Most companies have auditing or corporate governance in place to minimize risk; in the HCM world areas that often require auditing are processes and procedures that relate to hiring, pay changes and terminations. These are areas where fraud can occur, such as the hire/term of a 'ghost' employee, or pay increases that are not authorized.
How do you audit business processes in Workday?
Similar to how there are many routes into a city, there are a variety of ways to get this job done. In our case, our Compliance department decided that these 4 Workday BPs should be audited quarterly:
-Request Compensation Change
Our Compliance department does not state 'how' you need to do a job, but instead they have requirements of what is necessary to prove at the end. Their requirement from us is to 'show that no unauthorized changes occur on the business processes.'
How do we do this?
Our locked down Word documents are the 'golden copy' and our Workday business processes should always mirror the same tasks, performed by the same roles, with the same conditional logic, etc.
So for each audit, it's a matter of using the Excel button in Workday to download each BP and then bringing our Word documentation steps into this Excel and manually going line by line to make sure that they match on 'who,' 'what' and 'how'.
Isn't there an easier way?
You'd think there should be, as WD always highlights the audit aspects of their system. So I set out to find a way to do this task in a more efficient manner than I just described. In addition, back in the early days of my career, as an auditor myself, it was always easier to pass a process which was locked down systematically and performed automatically, as opposed to one that someone had to remember to do and where eyes can sometimes miss a line or a step.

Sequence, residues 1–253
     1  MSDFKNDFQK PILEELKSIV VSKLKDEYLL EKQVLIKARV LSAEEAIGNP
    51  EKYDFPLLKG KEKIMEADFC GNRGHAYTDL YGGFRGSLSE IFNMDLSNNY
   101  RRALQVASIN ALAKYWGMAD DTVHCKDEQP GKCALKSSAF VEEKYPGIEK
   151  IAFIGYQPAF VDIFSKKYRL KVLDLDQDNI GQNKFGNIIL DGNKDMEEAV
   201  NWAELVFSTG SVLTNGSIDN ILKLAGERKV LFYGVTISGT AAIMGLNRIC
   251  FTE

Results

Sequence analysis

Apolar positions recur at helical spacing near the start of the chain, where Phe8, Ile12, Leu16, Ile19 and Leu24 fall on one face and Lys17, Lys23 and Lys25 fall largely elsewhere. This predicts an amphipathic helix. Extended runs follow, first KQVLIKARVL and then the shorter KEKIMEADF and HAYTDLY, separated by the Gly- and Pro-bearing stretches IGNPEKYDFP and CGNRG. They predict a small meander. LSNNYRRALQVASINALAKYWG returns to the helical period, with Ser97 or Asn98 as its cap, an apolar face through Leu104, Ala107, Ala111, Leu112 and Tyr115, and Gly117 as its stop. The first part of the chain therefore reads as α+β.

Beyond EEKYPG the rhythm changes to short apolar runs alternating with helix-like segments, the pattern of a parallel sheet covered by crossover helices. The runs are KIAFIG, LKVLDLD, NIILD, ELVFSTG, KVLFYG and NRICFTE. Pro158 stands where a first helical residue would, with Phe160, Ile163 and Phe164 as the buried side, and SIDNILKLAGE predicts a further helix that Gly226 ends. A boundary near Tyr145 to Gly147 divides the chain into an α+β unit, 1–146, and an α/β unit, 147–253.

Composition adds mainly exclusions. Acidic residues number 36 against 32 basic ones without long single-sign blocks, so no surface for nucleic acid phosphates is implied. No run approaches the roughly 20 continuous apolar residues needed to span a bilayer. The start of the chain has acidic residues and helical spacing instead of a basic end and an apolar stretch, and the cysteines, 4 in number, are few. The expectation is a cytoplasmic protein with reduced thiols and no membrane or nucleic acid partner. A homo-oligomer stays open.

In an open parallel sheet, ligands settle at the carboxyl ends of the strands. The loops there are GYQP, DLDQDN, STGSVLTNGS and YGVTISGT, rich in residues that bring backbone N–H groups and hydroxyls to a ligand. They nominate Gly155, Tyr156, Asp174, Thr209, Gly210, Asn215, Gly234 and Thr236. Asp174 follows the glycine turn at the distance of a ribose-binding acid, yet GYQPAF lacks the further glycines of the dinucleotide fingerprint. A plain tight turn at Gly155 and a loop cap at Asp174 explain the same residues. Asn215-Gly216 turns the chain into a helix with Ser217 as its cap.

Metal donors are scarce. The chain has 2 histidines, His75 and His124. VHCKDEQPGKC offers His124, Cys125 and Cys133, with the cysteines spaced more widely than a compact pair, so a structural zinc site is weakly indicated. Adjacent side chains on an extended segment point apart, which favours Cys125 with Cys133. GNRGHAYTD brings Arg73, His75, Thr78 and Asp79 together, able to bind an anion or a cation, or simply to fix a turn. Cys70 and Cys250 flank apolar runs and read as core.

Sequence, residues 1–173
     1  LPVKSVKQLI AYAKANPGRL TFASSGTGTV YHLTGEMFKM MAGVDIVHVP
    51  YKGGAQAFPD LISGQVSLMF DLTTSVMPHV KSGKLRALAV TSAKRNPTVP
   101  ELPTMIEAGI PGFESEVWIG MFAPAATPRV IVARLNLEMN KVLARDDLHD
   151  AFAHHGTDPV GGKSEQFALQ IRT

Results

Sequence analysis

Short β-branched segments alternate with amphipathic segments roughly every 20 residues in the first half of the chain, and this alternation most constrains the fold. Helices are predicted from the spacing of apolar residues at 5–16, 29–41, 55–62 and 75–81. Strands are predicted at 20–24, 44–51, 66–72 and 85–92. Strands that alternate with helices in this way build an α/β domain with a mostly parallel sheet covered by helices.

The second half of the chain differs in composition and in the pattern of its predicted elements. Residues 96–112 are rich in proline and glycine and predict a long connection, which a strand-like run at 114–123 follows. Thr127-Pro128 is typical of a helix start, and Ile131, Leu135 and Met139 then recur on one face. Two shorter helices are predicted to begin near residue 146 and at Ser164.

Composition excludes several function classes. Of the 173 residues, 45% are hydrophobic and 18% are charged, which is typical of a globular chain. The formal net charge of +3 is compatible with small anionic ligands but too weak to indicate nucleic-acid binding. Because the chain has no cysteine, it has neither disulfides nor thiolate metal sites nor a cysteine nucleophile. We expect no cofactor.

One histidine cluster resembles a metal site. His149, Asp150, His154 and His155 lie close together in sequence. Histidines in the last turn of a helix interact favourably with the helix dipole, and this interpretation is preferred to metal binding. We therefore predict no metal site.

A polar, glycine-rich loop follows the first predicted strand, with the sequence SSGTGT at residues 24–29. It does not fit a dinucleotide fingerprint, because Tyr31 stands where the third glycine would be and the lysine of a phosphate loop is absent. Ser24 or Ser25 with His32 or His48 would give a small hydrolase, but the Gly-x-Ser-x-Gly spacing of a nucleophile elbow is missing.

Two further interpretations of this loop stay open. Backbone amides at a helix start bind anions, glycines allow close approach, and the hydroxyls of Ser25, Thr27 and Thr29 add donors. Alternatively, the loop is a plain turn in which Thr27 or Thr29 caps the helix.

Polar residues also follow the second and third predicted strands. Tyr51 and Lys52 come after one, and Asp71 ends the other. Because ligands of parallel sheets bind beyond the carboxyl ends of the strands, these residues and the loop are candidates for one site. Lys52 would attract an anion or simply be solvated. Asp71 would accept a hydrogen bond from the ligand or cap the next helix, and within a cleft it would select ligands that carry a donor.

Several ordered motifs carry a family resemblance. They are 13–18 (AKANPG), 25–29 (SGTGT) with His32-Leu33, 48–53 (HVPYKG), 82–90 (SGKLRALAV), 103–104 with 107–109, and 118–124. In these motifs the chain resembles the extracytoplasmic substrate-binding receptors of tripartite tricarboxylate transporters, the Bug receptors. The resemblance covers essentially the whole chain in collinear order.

Here are some items that I looked into:
1. Use the 'Audit trail' featureOne of the nice things about Workday is that it has a built-in audit trail automatically turned on. So while you're on a page, such as the Hire BP, you can click through to "View Audit Trail" and see an audit trail for the object:
Does this solve my problem?
Unfortunately, no. While it will cover the 'big things' like if a step or notification is added/deleted it does not show the changes if a step is edited, for example.
2. Use the 'View User or Task or Object Audit Trail' reportThis one looked promising, like it would allow you to audit all BPs for changes at once, rather than individually per process. (We'd like to be able to edit more than the four I previously specified, but using the manual method did not justify the risk.)
Here's what this one looks like:
Does this solve my problem?
Unfortunately, no. When I ran this one in Production for a one month time frame, I got the message: "The number of transactions found in the specified time range exceeds the report limit of 50,000. Please narrow the time range and try again." Looking on Workday's Customer Connection, it seems that others have the same experience. It seems that something is not indexed correctly or there is some other issue that you're filtering through all transactional audited data rather than only the BP audit data. Those could perhaps be workable if you're a smaller company or have less transactional data or are only auditing on a very narrow time frame, such as a week.
So now what?I turned to the trusted Workday Community, with the hope that some brighter mind than me has come up with an awesome solution. It seems that the question has been asked many times in the customer forums over the past few years so I sifted through the responses with high hopes.
There are some newer features and customers have presented some ideas. I will not bore you with these in the meantime, but the above was meant to illustrate the types of steps that you need to do as a Workday customer to meet a basic business requirement when it's not delivered out of the box.